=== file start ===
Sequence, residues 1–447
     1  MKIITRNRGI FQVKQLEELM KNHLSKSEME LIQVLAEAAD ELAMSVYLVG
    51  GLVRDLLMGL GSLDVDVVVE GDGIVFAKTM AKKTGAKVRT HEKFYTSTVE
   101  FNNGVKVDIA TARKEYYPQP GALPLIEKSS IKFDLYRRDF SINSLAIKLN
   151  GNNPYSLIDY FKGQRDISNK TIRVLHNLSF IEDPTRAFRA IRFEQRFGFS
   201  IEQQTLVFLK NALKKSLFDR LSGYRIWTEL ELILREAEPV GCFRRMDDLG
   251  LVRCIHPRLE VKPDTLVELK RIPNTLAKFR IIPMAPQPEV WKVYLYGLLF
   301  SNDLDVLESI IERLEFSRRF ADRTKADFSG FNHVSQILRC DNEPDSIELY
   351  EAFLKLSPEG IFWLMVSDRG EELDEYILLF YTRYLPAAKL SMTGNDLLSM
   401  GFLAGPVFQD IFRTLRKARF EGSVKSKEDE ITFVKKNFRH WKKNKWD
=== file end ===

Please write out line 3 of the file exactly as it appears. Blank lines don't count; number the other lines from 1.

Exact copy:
    51  GLVRDLLMGL GSLDVDVVVE GDGIVFAKTM AKKTGAKVRT HEKFYTSTVE